Wanderlust No More: Why I Refuse to Give into the Pressure to Travel


Wanderlust No More: Why I Refuse to Give into the Pressure to Travel

Illustration: Reynold Mascarenhas

Browsing Instagram in 2019 is like watching Musafir Hoon Yaaron, featuring your friends instead of Deepti Bhatnagar. One friend is on a solo trip to Sikkim, where he has gone to find himself but possibly found a photographer because none of his pictures are odd-angled selfies but professional faraway shots featuring him playing with monks and eating at cozy restaurants. The monsoon trekkers are posting pictures on how they are “roughing it out”, ironically from the luxurious confines of their AC tents to convince everyone that they are “one with nature”.  The “mono couple” – she in her flowy white dress, he in his linen trousers – is honeymooning in Bali, updating their Instagram stories every 12 minutes so that their followers know what they are missing out on. School friends are aping the Zindagi Na Milegi Dobara life with a roadtrip in Spain with an Yeh Jawaani Hai Deewani aesthetic. And Mr Mountain Dew has decided to be the desi Bear Grylls – bungee-jumping, skydiving, paragliding, and making sure there is someone to record his adventures all along. 

Going through the feed, I often wonder, “How can these people afford so many vacations? A trip every month?” “Inko leave kaise mil jata hai? Koi job-vob nahi hai kya?” Of course, the answer lies in their Tinder bios, where you’ll learn that “I earn a paycheck to plan my next trip.” Travelling isn’t a leisure activity anymore. In 2019, it is a competitive sport. And social media is where the games are played. Travel is the new iPhone and everyone must aspire to get one. 

But that is also a double-edged sword. It’s this pressure to travel that is sucking the joy out of #wanderlust and I, for one, refuse to give into it. For starters, as a family, we can afford a trip once a year, trying to balance my dad’s leaves, sister’s college schedule, mom’s festival plans, and my start-up life. I have only 21 leaves, so we plan our holidays more meticulously than Milind Soman’s diet routine. But somehow these middle-class limitations don’t come in the way of the aspirational standards set by perennial holidayers. 

For them, #travelgoals are like work targets. If it’s a free weekend, a getaway to Aamby Valley is a must, and if it’s a long weekend, you’ve got to have a Bangkok plan. If you want to take a week off, you must go to Leh on a Harley Davidson with a cotton Feng Shui flag attached to your bike. June-July are reserved for a trip to Europe and at the end of the year, “It’s Thailand bitches”. Somehow, you got to take a break every three months even when you’ve maxed out five credit cards. Your social cred today is after all, determined by how many visa stamps you have on your passport. And what will you brag about if don’t eat, pray, and love your way through life?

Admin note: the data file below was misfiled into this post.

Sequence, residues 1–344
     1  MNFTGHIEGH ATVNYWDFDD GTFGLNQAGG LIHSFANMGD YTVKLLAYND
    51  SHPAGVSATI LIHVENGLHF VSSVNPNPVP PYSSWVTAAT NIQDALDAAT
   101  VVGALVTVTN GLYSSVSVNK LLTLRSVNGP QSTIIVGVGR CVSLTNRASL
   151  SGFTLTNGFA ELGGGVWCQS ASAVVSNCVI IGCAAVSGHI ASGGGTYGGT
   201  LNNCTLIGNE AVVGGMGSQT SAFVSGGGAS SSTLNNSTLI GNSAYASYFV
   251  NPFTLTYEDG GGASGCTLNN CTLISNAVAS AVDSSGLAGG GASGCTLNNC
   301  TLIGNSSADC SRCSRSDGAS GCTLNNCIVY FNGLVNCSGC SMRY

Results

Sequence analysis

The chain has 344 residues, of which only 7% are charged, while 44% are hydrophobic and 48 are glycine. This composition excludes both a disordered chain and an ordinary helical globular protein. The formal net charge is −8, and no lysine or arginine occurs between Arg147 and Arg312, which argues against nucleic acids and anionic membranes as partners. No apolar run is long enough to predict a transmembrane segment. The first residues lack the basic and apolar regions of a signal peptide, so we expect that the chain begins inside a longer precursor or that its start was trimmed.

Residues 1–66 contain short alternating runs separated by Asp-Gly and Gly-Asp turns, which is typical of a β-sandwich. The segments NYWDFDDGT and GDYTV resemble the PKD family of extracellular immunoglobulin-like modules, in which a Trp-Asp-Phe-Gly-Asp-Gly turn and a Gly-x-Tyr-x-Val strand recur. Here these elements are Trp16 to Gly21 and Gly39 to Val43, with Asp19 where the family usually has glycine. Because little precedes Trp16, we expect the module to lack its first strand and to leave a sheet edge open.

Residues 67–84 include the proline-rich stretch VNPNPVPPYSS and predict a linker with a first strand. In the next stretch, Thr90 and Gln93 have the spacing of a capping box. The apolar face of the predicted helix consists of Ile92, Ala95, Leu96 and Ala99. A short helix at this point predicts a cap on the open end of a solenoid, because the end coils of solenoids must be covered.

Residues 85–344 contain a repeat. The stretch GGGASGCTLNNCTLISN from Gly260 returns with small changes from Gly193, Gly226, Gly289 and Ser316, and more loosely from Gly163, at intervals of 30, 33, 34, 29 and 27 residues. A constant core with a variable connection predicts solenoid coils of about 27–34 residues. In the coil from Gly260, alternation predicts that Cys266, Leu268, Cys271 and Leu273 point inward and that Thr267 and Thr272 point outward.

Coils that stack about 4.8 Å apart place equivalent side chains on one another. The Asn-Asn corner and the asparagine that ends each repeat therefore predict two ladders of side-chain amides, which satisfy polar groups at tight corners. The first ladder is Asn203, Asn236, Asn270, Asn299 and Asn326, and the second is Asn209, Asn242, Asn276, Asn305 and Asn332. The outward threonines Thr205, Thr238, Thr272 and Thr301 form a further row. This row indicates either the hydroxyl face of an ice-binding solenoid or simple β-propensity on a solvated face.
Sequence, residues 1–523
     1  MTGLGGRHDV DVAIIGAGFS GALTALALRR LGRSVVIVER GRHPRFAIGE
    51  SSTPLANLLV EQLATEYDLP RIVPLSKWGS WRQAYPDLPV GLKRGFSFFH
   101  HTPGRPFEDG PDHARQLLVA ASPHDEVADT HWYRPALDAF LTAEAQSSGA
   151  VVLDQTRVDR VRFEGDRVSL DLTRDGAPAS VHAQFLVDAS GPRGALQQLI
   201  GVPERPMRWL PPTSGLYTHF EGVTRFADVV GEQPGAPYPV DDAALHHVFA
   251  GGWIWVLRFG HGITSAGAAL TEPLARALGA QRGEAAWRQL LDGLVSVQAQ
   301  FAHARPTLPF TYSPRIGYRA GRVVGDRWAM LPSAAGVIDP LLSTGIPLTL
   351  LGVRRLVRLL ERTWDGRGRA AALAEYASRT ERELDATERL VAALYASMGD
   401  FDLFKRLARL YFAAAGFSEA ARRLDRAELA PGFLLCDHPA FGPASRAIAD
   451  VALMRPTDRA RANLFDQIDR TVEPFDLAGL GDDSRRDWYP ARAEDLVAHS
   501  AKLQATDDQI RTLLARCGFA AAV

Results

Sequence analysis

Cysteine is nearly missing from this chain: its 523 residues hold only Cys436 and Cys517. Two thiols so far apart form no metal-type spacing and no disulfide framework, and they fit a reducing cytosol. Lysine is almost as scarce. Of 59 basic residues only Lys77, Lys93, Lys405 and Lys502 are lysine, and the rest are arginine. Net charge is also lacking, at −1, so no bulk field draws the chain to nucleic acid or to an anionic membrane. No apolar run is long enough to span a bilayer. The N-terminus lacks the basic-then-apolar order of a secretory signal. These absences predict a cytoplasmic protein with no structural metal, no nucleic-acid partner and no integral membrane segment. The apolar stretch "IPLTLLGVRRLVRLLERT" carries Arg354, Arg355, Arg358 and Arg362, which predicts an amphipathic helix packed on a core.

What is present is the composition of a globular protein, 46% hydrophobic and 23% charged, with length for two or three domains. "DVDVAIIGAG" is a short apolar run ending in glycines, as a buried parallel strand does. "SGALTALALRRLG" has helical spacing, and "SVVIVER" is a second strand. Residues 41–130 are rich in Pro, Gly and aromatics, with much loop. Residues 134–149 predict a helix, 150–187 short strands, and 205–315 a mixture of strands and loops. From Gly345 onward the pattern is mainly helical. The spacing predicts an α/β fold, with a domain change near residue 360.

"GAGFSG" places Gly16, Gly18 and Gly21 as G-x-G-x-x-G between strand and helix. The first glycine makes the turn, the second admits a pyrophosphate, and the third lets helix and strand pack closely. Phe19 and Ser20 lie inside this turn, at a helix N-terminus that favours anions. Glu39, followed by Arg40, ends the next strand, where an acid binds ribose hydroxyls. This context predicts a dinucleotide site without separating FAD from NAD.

It’s not surprising then, that travellers now opt for packages that cover eight countries in 11 days, where most of the time is spent in a train or bus. But how does that matter as long as you have ticked off London, Paris, Berlin on the checklist seen even if you’ve barely covered five per cent of any these cities. You see, “So how many countries have you travelled in the last year?” is the new dick-measuring contest. And mind you, the more obscure and Instagrammable your travel destination, the more currency you have. If your vacation is not exotic enough to make everyone on your timeline jealous, are you even a true traveller?

The novelty of vacations is to sit back and rewind once every few months, when you are ready to plan, pack, travel, and unpack.

A recent study revealed that roughly 40 per cent of millennials choose a travel spot based on its Instagrammability. Another survey reported that one in six people feel compelled to be “more adventurous” than they really are while on holidays and the trend is only rising. In an article titled “Are holidays becoming a time to show off rather than switch off?”, clinical psychologist Dr Maline Coyne says, “With the recent social media explosion and the shiny image many of us choose to portray of ourselves, especially when on holidays, there can be a lot of pressure to have the most adventurous or exotic holiday.”

I know of friends who’ve gone on treks only to come back battered because their body wasn’t prepared for the strain but peer pressure demanded it. The ordeal of long and tiring vacations where you stretch your mind and body to extreme limit calls for another minor break before you can actually join back at work. People now go on vacations, and then take two more days off because they’re too tired to immediately resume work. If you need a break from what was supposed to be your break, it is probably not working. 

Like every other millennial I love to travel, explore new places and meet wonderful people from different cultures. But I’m not a believer of performative happiness. And I’m not in a mad rush to burn myself out. Travelling is supposed to be about experiences and about switching off from the routine. The novelty of vacations is to sit back and rewind once every few months, when you are ready to plan, pack, travel, and unpack. 

It’s time to cancel the “all Instagram, no play” kinda holiday. Maybe we need a break from this constant obsession and pressure of having to go on breaks. And maybe some weekends are meant to just Neftlix and Chill.